Forty-three per cent of consumers have never heard of a green mortgage, according to the Intermediary Mortgage Lenders Association (IMLA).
But could they prove to be the future?
Just as sales of electric cars are building traction so green mortgages will follow suit, it is suggested.
Much depends on the Government and to what extent they put the squeeze on.
As with the ban on sales of petrol and diesel cars from 2030, a tough target has been set of the UK being a carbon net zero economy by 2050, meaning a drastic reduction in carbon emissions from homes as well as transport, farming and industry is needed.
As with electric cars, it is cost which is putting people off.
Air source heat pumps (ASHP) are in vogue as the Government pushes the agenda. However, the Energy Saving Trust estimates that the cost of a typical ASHP system ranges between £9,000 and £11,000, a significant sum.
So, where do green mortgages fit in.
The World Green Building Council defines a green mortgage as where a bank or mortgage lender offers a house buyer preferential terms if they can demonstrate that the property for which they are borrowing meets certain environmental standards. “In other words, a green mortgage is a mortgage specifically targeted at green buildings. As an incentive for the borrower to either buy a green building or to renovate an existing one to make it greener, the bank would offer them either a lower interest rate or an increased loan amount.”
And green mortgages are already with us.
Both Barclays and Nationwide have a green mortgage range that offers preferential rates to those buying a new-build property linked to high scoring Energy Performance Certificate results.
IMLA expects others will launch even though a survey it conducted found that 43 per cent of lenders say there is currently little demand for green mortgages. The research found that 57 per cent of lenders plan to launch a green mortgage offering.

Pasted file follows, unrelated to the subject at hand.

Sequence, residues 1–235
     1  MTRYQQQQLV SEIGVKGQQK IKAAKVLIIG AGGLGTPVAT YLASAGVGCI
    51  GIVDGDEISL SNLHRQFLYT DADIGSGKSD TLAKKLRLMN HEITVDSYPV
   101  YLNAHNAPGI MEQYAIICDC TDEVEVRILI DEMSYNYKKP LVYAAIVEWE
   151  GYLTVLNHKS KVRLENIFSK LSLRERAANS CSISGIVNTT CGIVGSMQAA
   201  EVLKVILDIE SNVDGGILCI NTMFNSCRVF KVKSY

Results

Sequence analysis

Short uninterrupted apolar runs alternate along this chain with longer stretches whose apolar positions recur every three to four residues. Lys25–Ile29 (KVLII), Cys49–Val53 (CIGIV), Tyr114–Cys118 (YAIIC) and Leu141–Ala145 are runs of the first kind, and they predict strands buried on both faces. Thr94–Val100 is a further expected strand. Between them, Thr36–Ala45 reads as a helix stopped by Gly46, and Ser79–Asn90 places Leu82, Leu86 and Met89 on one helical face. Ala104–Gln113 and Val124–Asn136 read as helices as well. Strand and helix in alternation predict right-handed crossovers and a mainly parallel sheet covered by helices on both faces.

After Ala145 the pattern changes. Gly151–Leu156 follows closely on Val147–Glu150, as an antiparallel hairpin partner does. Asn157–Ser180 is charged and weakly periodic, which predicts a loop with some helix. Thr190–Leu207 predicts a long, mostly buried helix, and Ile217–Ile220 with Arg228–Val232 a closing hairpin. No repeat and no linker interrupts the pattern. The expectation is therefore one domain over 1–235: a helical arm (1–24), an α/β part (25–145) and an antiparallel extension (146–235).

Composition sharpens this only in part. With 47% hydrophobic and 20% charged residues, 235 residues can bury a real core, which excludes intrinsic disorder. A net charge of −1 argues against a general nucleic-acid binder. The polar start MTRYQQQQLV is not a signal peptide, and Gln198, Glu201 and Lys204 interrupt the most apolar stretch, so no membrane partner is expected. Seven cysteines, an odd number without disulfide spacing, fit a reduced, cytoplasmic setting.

The Association continued: “As with all attempts at innovation, green mortgages have come under fire from those who believe the market has too many barriers to entry.”
It cites the upfront costs, the length of time required to reap the rewards, mismatched incentives in the case of tenants and landlords, where the person making the investment is not necessarily the one to benefit, and the lack of financial incentives from government.
Not surprising then that there was outrage when the Government recently scrapped the Green Homes Grant scheme designed to help householders in England insulate their homes.
IMLA commented: “We need more collaboration between government, the banking sector and industry stakeholders to better understand the barriers facing consumers and the intervention that is needed to overcome those challenges. The green mortgage market can play a vital role in the journey to net zero going forward.”
Moneyfacts added: “The likelihood is that green mortgages will grow in popularity over the coming years. As consumers and the Government become increasingly aware of the negative impact energy consumption is having on the environment and the need to reduce emissions, it is likely that more incentives, such as lower rates offered through green mortgages, will be launched to help encourage greener lifestyles.”
Logic says that energy efficiency and green mortgages go hand in hand, and the more Government pressures people to change their home heating systems the more likely they are to opt for green mortgages too.
But, with 29 million existing homes in the UK to address, that is an awful lot of voters to upset, so the politicians will have to tread carefully.